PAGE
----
Image: Ethiopian Orthodox Priests. source darkroom.baltimoresun.com
Mother-tongue. Why do we call it that? Everything else we get from our fathers; from our last names to the places we consider our ancestral homes. Mothers are generally the primary caregivers of a child and so have the responsibility of passing down the customs, traditions and language of a people. Some even go further to say that mothers are the only ones who know the paternity of a child and so to keep peace in the community, mother rather than father-tongue is preferred.
You probably speak your mother-tongue very well, but can you write it? Not in the ABC’s we were taught in school. Can you write it like Chinese, Japanese or Arabic?
The irony is, European languages today are written in scripts derived from Africa. Latin is derived from Greek, which is adopted from Egyptian hieroglyphics. But most African languages today are written using Latin script. But why should we care?
If you try to translate a phrase or word from your mother-tongue into English, it’s often the case that the English version will pale in comparison to the original. In translation it loses it’s flavour, texture and context and feels almost robotic at times. Kefa Ombewa, a Kenyan working to de-Latinise the Luo language (his words), says it best: African languages needed indigenous symbols to express their nuances that the Roman alphabet simply cannot capture.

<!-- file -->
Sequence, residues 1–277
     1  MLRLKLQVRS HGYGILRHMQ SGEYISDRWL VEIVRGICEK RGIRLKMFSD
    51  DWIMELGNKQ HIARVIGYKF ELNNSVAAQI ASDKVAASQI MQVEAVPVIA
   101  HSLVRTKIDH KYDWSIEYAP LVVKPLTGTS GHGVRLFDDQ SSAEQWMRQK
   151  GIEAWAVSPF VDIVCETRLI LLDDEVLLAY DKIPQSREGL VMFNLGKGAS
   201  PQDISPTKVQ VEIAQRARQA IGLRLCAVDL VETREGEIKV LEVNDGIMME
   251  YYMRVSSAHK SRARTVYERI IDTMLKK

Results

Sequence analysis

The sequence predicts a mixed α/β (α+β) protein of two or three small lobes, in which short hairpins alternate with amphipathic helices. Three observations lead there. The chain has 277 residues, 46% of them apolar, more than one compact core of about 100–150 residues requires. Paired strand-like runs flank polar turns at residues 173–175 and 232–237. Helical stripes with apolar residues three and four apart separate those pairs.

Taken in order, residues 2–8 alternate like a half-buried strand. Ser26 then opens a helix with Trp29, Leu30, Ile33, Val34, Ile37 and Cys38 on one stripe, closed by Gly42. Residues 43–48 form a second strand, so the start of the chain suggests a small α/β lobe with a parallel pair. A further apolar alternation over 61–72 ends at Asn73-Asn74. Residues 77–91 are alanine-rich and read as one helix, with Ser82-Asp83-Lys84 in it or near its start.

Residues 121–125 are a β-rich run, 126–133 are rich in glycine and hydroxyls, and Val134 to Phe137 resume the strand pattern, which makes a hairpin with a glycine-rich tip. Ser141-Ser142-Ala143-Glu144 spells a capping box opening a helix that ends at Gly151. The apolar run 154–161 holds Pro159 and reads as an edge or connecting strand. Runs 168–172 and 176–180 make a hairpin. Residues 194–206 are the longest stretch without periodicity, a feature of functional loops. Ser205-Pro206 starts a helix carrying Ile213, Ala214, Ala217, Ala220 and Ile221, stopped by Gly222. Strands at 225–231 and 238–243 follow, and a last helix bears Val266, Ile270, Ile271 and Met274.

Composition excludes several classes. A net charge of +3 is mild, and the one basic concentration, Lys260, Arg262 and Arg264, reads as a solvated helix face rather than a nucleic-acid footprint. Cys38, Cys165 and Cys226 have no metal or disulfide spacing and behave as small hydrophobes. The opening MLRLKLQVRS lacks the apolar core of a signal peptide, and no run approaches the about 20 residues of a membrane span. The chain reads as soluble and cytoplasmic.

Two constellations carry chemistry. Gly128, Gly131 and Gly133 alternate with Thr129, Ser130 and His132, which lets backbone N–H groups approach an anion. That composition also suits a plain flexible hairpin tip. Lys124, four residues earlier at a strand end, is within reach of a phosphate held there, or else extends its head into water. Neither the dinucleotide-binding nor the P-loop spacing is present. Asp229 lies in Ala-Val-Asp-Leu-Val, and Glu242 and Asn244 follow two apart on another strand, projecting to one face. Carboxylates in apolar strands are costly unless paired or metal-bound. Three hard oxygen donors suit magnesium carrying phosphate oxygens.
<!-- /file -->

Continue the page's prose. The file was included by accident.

More than that, the written language affords a people a cultural identity and a clear place in history. A way to disseminate their thinking which is not wholly contingent upon social structures. Social structures that can be dismantled by occurrences such as colonisation. A long-standing repository of ancient wisdom to draw from. In a way ensuring that, through such records of the past, your existence cannot be contested and your collective thought cannot be easily supplanted by that of others. As has been the case for much of sub-Saharan Africa.
Although Africa is famous for her oral traditions, it is argued that there were several writing systems that pre-date even the Egyptian glyphs. Some are still in use today such as Vai in Sierra Leone and Liberia and Ge’ez which is still taught in schools in Ethiopia.
In this regard, Kefa’s cause is truly a noble one. He, along with Will Were and Dr. Paul Sidandi, based in Botswana, have created the Kefa-Sidandi font, the digital version of the Luo script, which you can download off his website. Thanks to their efforts, not only can you write using the script but you can type it as well. Kefa, however, considers the script to be African and not just belonging to the Luo community. (video below)
Adebunmi Adeniran, a Nigerian linguist based in the UK is also thinking along the same lines and has created a multilingual keyboard, Nailangs, which enables the writing of at least 12 Nigerian languages.
Miriam Makeba said, “Africa has her mysteries, and even a wise man cannot understand them. But a wise man respects them.” Perhaps those mysteries can be unlocked through a thorough exploration of our languages. By learning them and endeavouring to write them down, our place in history will never be in jeopardy again.
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